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Anscojohn

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It'd be nice to know how much agitation was insufficient. I've recently been doing Acros in Rodinal 1+100 using the MDC instructions (15s/min for 3, then 1 inversion/3-mins until 18) and haven't had this problem.

*******
It's the briight light source which is exhausting the developer in those areas quickly. The by-product of the reaction is bromide, which inhibits the highlights--which is why Rodinal is a compensating developer. If those bromide-laden byproducts are not moved away, they , being heavier than the surrounding developer, start running down away from the over exposed area and slowing down the development of the emulsion they touch. You can see them flowing right down from the heavy areas. What is sufficient agitation??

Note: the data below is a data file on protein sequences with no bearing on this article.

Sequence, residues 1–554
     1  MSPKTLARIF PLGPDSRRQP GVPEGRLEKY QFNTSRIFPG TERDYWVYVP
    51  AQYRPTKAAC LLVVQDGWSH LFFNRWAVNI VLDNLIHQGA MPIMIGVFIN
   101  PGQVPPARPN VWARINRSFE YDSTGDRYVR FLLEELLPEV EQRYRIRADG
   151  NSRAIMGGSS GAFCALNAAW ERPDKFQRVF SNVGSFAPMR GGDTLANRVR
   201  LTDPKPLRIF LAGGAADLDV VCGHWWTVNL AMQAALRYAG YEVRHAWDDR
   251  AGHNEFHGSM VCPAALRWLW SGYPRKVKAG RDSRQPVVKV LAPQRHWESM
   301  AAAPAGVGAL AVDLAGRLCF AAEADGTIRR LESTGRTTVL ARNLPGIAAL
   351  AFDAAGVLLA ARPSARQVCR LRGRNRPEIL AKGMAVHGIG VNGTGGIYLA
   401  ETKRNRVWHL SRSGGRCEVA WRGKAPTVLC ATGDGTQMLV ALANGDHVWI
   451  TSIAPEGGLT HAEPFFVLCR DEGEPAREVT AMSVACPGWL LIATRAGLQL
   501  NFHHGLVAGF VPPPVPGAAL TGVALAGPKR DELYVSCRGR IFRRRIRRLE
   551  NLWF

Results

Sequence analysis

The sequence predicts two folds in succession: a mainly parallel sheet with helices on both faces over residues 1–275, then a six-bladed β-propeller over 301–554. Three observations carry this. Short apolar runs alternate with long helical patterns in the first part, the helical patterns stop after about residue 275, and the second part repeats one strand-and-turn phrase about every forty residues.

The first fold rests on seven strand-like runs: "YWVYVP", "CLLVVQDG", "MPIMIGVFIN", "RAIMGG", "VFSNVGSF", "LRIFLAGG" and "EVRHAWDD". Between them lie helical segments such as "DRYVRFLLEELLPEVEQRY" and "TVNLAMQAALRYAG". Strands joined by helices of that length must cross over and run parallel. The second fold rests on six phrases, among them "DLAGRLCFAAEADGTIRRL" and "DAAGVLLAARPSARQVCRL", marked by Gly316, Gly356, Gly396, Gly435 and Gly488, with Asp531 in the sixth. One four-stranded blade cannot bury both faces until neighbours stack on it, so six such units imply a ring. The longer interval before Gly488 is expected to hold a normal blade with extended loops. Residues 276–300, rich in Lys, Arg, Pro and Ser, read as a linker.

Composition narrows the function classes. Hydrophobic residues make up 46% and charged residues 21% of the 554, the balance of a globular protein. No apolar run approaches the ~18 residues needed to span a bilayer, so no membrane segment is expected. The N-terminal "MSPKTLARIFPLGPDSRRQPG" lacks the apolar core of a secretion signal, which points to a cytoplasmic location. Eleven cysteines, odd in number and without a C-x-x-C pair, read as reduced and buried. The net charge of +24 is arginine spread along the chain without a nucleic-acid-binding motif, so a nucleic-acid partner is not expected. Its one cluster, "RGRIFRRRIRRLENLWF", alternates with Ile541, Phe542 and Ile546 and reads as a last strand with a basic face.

The official Agfa data sheets I have in my notebook are very specific with Rodinal.

Quote On:

For development in a daylight tank, to a Gamma of .65 to .70...agitation is continous for the first 30 seconds and then for 5 seconds out of every thirty.Quote off.

I know there are lots of APUG experts who know all about this, but I just rely on the AGA instructions I have on my data sheet; it is what I use; and have used that since the late 1960s. But what do I know? Gosh, I even sometimes added sodium sulfite for my Tri-X. Heaven forefend!
 

Jerevan

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I don't think Rodinal is exempt from producing bromide drag. If so, please prove it with some substantial evidence. Enquiring minds want to know. :smile:

Otherwise, I'd chalk it up as one of those mythical beasts roaming the world.
 

mcgrattan

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I've certainly had bromide drag doing stand development with Rodinal.